Douglas County Schools

School district rolls out eco-friendly buses

The vehicles use compressed natural gas, 'the cleanest-burning fossil fuel'

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Bright sunshine and a clear blue sky were an appropriate backdrop for the Douglas County School District's presentation of three environmentally-friendly buses as part of a sustainability plan to make a brighter, cleaner future for its students.

Douglas County High School students joined representatives from the district, Noble Energy, Black Hills Energy and the Regional Air Quality Council outside the school on Nov. 16 to bring "on board" three new buses, powered by compressed natural gas (CNG).

“This is our planet and our community, and it's our job to take care of it,” said Layla Baden, a ninth-grader taking an environmental science class at the school.

Ken Lloyd, executive director for the Regional Air Quality Council, said CNG buses are a healthier alternative for members of the community than diesel-burning counterparts.

“These are the buses that are going through our neighborhoods, these are the buses that are idling at our schools,” Lloyd said, adding that “children are the most vulnerable” people to suffer the effects of air pollution.

“Compressed natural gas is the cleanest-burning fossil fuel,” said Courtney Kuntz, sustainability director for the district. “It'll improve air quality for students, drivers and people in the area.”

In addition to cleaner air and financial savings for the school district, Kuntz said in her address that learning about the environment benefits students in the classroom, leading to better attendance, improved academic performance and a sense of empowerment.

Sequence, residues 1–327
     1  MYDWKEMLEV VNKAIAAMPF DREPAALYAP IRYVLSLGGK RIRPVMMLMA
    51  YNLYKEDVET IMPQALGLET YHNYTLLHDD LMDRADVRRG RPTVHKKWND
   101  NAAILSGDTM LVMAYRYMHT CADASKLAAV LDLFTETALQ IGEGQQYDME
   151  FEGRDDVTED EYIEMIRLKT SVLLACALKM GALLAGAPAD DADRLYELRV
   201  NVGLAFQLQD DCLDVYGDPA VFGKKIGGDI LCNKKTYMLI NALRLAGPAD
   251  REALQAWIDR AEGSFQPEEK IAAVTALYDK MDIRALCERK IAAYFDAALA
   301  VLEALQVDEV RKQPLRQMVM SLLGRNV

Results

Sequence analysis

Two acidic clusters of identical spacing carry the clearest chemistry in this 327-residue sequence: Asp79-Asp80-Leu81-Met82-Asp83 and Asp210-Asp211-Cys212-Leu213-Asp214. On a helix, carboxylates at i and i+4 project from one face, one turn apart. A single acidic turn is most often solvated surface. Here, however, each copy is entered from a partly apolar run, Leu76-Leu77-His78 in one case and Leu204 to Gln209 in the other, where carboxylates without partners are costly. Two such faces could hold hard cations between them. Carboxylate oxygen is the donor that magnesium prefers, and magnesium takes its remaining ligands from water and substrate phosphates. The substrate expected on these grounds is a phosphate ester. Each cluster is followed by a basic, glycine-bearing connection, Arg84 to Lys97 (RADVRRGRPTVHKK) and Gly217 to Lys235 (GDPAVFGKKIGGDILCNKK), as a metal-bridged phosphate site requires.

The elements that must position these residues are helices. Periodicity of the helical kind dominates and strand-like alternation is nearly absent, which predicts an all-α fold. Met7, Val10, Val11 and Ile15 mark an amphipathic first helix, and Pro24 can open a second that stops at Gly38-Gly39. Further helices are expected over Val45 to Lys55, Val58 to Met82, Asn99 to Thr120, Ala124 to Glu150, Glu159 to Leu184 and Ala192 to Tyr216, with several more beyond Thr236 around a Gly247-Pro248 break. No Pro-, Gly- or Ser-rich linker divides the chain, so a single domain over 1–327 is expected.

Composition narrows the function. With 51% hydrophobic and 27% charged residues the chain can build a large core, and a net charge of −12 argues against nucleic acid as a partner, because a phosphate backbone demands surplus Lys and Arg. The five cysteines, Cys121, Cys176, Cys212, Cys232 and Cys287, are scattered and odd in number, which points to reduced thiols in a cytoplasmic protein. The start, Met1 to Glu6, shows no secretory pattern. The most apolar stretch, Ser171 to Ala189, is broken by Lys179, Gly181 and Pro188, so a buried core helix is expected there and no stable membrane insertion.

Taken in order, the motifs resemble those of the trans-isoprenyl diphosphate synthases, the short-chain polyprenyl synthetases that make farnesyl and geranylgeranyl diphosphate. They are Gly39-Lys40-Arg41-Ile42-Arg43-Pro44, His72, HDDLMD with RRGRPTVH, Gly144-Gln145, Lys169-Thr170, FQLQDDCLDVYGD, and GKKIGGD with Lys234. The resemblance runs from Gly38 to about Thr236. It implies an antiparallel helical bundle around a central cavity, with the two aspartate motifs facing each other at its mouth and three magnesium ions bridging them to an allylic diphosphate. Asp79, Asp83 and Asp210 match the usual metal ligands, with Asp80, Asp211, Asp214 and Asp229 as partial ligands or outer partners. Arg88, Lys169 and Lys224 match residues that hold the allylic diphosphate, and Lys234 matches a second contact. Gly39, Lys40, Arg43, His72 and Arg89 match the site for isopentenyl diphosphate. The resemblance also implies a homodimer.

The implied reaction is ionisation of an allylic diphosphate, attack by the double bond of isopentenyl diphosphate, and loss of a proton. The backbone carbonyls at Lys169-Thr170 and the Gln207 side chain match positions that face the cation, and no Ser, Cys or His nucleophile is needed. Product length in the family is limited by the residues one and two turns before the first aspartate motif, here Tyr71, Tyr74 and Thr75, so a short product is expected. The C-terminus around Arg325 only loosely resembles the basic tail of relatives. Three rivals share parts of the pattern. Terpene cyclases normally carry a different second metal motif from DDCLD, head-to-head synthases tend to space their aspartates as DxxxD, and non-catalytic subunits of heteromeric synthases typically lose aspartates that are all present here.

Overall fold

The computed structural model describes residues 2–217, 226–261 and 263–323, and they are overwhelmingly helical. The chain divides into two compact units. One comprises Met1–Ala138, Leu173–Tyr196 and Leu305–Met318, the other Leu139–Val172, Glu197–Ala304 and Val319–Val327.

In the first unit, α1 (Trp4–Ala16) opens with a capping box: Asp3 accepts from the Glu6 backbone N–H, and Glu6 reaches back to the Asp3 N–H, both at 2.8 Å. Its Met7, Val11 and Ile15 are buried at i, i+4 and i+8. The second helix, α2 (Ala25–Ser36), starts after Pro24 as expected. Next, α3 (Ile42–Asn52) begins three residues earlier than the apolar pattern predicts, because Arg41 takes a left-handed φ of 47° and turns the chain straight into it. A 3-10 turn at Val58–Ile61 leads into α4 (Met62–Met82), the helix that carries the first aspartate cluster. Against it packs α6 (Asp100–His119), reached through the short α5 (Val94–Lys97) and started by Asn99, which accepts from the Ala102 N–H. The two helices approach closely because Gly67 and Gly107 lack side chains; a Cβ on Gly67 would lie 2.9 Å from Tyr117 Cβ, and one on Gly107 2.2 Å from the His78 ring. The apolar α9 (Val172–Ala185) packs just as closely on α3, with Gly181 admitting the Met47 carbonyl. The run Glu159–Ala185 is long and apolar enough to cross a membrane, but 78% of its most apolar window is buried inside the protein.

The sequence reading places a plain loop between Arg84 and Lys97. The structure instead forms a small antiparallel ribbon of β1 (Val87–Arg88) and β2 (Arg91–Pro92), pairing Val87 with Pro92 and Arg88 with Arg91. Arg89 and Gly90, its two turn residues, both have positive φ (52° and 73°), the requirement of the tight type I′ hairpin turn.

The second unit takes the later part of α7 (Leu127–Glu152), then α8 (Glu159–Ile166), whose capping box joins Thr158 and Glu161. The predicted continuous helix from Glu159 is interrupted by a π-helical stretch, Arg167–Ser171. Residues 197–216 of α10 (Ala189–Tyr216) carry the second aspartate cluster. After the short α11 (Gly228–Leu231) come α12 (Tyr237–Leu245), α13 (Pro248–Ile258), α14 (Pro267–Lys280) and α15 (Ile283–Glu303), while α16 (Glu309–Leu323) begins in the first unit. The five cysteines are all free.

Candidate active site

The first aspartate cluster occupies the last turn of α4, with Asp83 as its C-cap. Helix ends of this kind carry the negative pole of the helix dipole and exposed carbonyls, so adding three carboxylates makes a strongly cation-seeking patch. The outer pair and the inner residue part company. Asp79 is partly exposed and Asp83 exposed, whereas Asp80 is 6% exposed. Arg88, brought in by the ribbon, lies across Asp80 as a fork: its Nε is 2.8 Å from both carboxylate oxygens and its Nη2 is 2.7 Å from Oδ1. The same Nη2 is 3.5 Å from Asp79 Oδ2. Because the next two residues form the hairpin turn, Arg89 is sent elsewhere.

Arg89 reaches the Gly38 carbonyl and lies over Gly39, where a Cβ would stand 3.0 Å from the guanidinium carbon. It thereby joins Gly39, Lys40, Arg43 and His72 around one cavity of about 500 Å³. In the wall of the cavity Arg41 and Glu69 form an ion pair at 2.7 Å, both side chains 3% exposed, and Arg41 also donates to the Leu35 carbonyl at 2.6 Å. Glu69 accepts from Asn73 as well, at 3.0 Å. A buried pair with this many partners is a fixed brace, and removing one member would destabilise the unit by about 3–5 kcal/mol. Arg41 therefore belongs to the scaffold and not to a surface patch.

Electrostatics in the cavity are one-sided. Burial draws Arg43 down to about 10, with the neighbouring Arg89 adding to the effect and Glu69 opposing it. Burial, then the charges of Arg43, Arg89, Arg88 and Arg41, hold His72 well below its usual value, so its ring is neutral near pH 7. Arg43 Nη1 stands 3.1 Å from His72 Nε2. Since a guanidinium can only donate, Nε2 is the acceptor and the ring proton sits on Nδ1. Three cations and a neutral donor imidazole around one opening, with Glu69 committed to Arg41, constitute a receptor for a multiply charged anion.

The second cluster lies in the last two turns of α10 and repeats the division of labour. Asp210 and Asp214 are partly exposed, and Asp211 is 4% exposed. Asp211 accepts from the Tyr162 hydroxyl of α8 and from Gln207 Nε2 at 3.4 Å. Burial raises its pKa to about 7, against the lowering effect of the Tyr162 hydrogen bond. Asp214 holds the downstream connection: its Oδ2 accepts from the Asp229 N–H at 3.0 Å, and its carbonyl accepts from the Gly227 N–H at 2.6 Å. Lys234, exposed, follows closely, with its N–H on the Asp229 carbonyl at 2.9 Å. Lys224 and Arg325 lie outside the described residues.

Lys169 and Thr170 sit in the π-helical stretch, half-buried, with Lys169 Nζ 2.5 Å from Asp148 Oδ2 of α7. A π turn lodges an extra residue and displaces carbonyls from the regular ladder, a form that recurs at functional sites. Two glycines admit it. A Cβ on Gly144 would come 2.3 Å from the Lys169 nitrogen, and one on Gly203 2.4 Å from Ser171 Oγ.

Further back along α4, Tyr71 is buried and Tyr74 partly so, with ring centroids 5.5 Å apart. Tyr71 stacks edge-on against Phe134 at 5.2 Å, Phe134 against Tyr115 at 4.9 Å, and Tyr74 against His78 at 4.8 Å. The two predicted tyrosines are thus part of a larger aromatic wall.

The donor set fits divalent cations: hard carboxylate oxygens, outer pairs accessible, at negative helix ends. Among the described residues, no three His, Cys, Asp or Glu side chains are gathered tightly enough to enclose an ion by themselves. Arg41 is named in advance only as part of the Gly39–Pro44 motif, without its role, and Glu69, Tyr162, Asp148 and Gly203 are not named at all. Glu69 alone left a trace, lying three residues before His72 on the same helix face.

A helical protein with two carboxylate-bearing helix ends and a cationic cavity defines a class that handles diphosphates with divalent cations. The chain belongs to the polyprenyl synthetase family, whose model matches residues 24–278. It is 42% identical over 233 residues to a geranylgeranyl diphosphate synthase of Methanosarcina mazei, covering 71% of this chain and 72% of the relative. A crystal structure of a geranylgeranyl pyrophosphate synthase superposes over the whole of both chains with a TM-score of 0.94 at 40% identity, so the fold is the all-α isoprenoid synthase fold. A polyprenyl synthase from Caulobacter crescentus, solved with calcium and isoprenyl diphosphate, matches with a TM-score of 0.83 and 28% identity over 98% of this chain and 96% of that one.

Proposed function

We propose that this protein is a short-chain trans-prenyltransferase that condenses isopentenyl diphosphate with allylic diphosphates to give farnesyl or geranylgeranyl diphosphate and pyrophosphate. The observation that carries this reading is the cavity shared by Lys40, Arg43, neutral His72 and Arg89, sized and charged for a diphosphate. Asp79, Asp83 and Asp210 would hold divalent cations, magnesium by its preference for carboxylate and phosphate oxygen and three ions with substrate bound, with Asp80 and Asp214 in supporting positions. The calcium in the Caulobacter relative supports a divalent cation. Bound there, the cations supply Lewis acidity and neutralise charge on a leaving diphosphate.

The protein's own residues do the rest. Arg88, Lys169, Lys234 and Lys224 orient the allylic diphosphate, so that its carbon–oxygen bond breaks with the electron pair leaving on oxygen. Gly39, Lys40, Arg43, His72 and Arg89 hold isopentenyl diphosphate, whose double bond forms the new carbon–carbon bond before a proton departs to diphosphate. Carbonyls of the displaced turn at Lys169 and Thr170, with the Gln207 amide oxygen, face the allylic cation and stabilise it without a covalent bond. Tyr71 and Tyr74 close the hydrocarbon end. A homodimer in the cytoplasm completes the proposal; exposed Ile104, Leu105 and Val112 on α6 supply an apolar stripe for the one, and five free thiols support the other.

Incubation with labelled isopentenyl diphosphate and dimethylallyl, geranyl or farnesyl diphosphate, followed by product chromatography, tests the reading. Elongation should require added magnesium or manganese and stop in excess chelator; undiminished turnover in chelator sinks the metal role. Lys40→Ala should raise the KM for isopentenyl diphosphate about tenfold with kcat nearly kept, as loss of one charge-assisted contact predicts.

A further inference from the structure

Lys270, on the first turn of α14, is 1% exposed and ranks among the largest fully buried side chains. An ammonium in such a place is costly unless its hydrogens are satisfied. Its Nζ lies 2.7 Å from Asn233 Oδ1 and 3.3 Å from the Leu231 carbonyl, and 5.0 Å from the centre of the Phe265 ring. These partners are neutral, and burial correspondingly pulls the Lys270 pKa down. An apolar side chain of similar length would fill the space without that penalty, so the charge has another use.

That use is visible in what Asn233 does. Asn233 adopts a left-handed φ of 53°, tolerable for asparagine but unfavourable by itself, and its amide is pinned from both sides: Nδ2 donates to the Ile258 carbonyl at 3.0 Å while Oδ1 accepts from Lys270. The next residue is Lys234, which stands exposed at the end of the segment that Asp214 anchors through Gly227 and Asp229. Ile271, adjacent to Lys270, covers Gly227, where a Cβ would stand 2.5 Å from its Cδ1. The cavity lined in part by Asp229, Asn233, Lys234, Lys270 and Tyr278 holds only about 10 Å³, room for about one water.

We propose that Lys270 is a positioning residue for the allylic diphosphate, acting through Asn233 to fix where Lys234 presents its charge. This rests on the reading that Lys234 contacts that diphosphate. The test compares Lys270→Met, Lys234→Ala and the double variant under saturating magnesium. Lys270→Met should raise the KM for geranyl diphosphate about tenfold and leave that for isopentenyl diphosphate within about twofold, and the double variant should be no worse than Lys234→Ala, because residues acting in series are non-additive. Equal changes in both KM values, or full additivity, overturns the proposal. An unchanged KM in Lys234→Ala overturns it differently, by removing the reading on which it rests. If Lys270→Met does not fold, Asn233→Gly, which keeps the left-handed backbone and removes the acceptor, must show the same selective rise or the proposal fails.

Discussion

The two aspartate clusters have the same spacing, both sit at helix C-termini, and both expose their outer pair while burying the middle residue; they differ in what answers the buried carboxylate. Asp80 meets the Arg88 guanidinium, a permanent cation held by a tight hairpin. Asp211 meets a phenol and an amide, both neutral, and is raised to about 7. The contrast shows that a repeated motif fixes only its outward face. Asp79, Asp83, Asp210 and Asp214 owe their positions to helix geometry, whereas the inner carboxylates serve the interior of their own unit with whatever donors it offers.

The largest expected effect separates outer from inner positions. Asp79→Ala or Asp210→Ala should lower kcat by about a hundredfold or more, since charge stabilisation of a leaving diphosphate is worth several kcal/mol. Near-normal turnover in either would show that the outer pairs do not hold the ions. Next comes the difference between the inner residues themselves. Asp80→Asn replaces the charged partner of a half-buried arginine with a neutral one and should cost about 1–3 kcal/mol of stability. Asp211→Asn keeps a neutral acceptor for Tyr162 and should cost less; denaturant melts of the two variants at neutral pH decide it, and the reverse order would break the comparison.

Kuntz went on to say that to say that seeing the buses on the road every day will provide “real-world learning” for the students and visible evidence of the district's efforts to protect the environment.

“We're creating an innovative environment and getting students to think outside of the box in response to pressing environmental issues,” Kuntz said.

Noble Energy Development Manager Curtis Rueter added that the buses will improve the district's bottom line. He said the new buses will save up to $4,000 per bus in annual fuel costs, a potential $60,000 savings for each bus over their expected 15-year use.

After receiving more than $250,000 in grants from Noble Energy and the Regional Air Quality Council, the new buses cost the district $200,706, a 16-percent decrease from the cost of comparable, used diesel buses.

Douglas County schools serve more than 70,000 students, and a shortage of buses and drivers has forced the district to change schedules and routes to mitigate the issue.

Donna Grattino, the districts' director of transportation, pointed out that the shortage isn't unique to Douglas County. She added that although three buses aren't enough to solve the problem, every bit helps.

“Our goal is to have more in the fleet,” Grattino said. “Everybody worked so hard to make this happen, now we know how to do it.”

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